Imaging utilization rises where radiology presence drops

December 3, 2008

Rates of diagnostic imaging utilization varied by more than 56% across the 10 Medicare regions of the U.S., according to a study presented Wednesday. The regions with the highest utilization had the lowest percentage of imaging services provided by radiologists.

Rates of diagnostic imaging utilization varied by more than 56% across the 10 Medicare regions of the U.S., according to a study presented Wednesday. The regions with the highest utilization had the lowest percentage of imaging services provided by radiologists.

The study looked at trends in noninvasive imaging services provided to Medicare patients using the Medicare Part B fee-for-service database. The survey also analyzed trends over a five-year period ending in 2006.

In 2006, utilization rates per 1000 Medicare beneficiaries ranged from a high of 4532 in the Atlanta region to a low of 2901 in the Seattle region. Radiologists' share of the imaging services provided ranged from 69% in the Boston region to a low of 58% in the Atlanta region.

Plotting the radiologist share against the overall utilization rates showed generally that the higher the utilization rate, the lower the percentage of radiologists providing the services, said Dr. Vijay Rao, chair of radiology at Thomas Jefferson University, who presented the data. The Seattle region, for example, had the lowest utilization rate and lowest percentage of imaging provided by nonradiologists.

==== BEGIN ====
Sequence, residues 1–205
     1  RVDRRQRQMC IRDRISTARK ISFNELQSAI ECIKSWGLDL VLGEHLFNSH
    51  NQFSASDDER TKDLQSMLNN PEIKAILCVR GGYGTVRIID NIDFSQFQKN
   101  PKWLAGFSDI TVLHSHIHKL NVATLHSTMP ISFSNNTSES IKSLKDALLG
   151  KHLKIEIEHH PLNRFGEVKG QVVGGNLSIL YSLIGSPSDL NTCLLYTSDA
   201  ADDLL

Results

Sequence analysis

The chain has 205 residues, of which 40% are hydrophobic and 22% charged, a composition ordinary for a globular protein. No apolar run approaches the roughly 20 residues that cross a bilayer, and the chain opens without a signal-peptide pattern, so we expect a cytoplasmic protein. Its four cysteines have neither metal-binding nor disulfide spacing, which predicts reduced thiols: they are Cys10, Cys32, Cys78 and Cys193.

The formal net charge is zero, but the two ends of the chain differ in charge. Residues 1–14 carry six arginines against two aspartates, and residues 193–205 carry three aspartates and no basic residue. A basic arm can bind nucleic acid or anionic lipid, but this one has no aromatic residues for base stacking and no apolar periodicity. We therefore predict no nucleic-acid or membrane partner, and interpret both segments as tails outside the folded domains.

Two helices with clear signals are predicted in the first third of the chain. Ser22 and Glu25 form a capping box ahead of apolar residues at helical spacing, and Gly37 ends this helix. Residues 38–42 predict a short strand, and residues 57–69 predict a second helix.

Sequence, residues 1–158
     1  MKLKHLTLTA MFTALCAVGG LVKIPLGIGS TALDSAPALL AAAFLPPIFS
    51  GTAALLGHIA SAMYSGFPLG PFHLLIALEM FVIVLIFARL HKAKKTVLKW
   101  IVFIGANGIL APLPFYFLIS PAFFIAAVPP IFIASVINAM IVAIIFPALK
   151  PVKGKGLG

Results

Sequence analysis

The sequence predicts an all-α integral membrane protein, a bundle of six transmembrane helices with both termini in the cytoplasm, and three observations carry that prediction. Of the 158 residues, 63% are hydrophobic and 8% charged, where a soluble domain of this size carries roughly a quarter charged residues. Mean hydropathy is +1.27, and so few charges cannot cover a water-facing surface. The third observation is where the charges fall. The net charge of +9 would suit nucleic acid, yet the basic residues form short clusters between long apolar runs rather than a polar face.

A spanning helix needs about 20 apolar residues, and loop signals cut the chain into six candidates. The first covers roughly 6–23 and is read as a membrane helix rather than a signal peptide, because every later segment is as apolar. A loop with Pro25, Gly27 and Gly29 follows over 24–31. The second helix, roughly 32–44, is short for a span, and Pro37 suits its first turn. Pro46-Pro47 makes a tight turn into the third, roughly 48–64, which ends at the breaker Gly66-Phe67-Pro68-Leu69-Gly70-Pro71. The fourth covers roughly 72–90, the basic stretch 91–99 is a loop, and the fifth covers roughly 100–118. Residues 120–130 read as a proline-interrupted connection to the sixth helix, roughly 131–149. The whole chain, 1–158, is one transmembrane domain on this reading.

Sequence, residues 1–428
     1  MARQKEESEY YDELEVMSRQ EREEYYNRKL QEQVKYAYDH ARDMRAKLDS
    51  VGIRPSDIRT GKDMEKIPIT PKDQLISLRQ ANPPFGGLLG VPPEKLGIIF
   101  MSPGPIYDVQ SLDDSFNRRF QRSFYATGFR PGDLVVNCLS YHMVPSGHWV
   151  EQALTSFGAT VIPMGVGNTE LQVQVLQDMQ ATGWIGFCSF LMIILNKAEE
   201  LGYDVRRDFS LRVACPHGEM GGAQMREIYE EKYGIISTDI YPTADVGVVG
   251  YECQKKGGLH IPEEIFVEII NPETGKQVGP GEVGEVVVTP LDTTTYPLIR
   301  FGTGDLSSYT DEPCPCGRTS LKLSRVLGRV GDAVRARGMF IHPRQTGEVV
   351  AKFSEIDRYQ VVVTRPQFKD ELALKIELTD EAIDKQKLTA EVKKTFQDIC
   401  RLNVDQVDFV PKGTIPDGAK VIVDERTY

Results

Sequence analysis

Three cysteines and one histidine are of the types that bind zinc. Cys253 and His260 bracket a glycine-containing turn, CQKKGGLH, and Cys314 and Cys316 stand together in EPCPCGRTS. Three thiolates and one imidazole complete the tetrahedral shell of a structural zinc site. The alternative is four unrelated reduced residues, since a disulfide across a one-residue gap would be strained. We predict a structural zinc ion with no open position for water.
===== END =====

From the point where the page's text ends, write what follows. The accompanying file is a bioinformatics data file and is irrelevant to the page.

Rates of growth in diagnostic imaging ranged from 20% in the New York region to 8% in the Seattle region, Rao said. In all regions of the country, utilization growth is higher among cardiologists than among radiologists or other imaging providers.

During a question and answer session, Rao said more analysis is needed before drawing firm conclusions about the causes of imaging utilization variation and growth.

"One could argue it's all self-referral," she said. "On the other hand, it could be related to density of population, the adoption of technology, or that the radiologists can't meet the demand for imaging and the nonradiologists are filling in."